A belt or ammunition belt is a device used to retain and feed cartridges into a firearm.
Benjamin Tyler Henry (March 22, 1821–June 8, 1898) was an American gunsmith and manufacturer.
The Berthier rifles and carbines were a family of bolt-action small arms in 8mm Lebel, used in the French Army from the 1890s to the beginning of World War II (1940).
Bolt action is a type of firearm action where the handling of cartridges into and out of the weapon's barrel chamber are operated by manually manipulating the bolt directly via a handle, which is most commonly placed on the right-hand side of the weapon (as most users are right-handed).
The Borchardt C-93 (Construktion 93) semi-automatic pistol was designed by Hugo Borchardt (1844–1921) in 1893 based upon the Maxim toggle-bolt design.
The Fucile Mitragliatore Breda modello 30 was the standard light machine gun of the Royal Italian Army during World War II.
A breech-loading gun is a firearm in which the cartridge or shell is inserted or loaded into a chamber integral to the rear portion of a barrel.
The Bren gun, usually called simply the Bren, are a series of light machine guns (LMG) made by Britain in the 1930s and used in various roles until 1992.
The Browning Hi Power is a single-action, semi-automatic handgun available in the 9mm and.40 S&W calibers.
The Calico M960 is a 9×19mm (Luger/Parabellum) caliber semi-automatic carbine (fully automatic versions are available only to authorized law enforcement and military), manufactured by Calico Light Weapons Systems.
A carbine, from French carabine, is a long gun firearm but with a shorter barrel than a rifle or musket.
A cartridge is a type of firearm ammunition packaging a projectile (bullet, shots or slug), a propellant substance (usually either smokeless powder or black powder) and an ignition device (primer) within a metallic, paper or plastic case that is precisely made to fit within the barrel chamber of a breechloading gun, for the practical purpose of convenient transportation and handling during shooting.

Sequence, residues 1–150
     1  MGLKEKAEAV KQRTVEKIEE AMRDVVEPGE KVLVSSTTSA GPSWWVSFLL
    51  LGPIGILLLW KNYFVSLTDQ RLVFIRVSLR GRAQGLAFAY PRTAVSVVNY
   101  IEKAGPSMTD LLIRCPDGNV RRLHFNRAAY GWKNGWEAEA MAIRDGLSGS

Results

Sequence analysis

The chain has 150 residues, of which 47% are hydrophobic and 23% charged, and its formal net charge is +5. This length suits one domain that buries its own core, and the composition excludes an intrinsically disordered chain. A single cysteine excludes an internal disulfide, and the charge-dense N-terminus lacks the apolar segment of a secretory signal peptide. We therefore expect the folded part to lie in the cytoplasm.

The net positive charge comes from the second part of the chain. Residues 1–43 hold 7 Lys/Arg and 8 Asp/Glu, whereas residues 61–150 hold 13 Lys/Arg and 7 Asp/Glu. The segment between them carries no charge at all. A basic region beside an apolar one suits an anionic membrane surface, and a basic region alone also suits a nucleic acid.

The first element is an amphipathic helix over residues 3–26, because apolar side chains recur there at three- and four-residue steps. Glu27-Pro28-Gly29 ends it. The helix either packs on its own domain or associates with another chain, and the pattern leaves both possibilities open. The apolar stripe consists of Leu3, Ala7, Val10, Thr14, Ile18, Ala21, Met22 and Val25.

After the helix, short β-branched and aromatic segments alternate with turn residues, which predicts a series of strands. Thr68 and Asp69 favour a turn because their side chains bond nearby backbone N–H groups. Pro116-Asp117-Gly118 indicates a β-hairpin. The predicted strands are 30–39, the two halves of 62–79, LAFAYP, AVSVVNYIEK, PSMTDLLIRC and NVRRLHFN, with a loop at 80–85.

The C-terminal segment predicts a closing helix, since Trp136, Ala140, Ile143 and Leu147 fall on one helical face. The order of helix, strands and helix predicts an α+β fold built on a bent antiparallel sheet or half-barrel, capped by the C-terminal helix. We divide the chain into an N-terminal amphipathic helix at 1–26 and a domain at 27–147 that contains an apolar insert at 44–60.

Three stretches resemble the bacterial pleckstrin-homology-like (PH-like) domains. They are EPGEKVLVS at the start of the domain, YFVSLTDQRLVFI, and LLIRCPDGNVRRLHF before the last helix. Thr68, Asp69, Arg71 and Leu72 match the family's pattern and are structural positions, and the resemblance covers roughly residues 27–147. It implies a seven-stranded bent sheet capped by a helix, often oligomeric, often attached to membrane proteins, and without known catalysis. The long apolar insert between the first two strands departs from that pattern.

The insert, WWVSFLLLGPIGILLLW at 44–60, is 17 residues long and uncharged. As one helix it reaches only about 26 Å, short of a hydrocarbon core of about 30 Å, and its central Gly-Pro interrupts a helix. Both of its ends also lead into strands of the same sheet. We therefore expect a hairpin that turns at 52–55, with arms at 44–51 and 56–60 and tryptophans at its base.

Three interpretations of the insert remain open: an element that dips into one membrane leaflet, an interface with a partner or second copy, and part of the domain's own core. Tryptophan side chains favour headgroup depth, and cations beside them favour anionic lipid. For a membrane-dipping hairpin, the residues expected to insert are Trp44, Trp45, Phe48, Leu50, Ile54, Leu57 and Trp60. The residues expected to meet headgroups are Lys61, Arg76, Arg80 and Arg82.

A centerfire cartridge is a cartridge with a primer located in the center of the cartridge case head.
In firearms, the chamber is the portion of the barrel or firing cylinder in which the cartridge is inserted before being fired.
A clip is a device that is used to store multiple rounds of ammunition together as a unit, ready for insertion into the magazine or cylinder of a firearm.
The Degtyaryov machine gun (Russian: Пулемёт Дегтярёвa Пехотный Pulemyot Degtyaryova Pekhotny "Degtyaryov's infantry machine gun") or DP-27 is a light machine gun firing the 7.62×54mmR cartridge that was primarily used by the Soviet Union, with service trials starting in 1927 followed by general deployment in 1928.
A double-barreled shotgun is a shotgun with two parallel barrels, allowing two shots to be fired in quick succession.
A drum magazine is a type of firearm magazine that is cylindrical in shape, similar to a drum.
The FG 42 (German: Fallschirmjägergewehr 42, "paratrooper rifle 42") is a selective-fire automatic rifle produced in Nazi Germany during World War II.
A firearm is a portable gun (a barreled ranged weapon) that inflicts damage on targets by launching one or more projectiles driven by rapidly expanding high-pressure gas produced by exothermic combustion (deflagration) of propellant within an ammunition cartridge.
The FN P90, also known as the FN Project 1990, is a personal defense weapon (PDW) designed and manufactured by FN Herstal in Belgium.
The Gewehr 88 (commonly called the Model 1888 commission rifle) was a late 19th-century German bolt action rifle, adopted in 1888.
The Gewehr 98 (abbreviated G98, Gew 98 or M98) is a German bolt-action Mauser rifle firing cartridges from a 5-round internal clip-loaded magazine that was the German service rifle from 1898 to 1935, when it was replaced by the Karabiner 98k, a shorter weapon using the same basic design.
A gun barrel is a crucial part of gun-type ranged weapons such as small firearms, artillery pieces and air guns.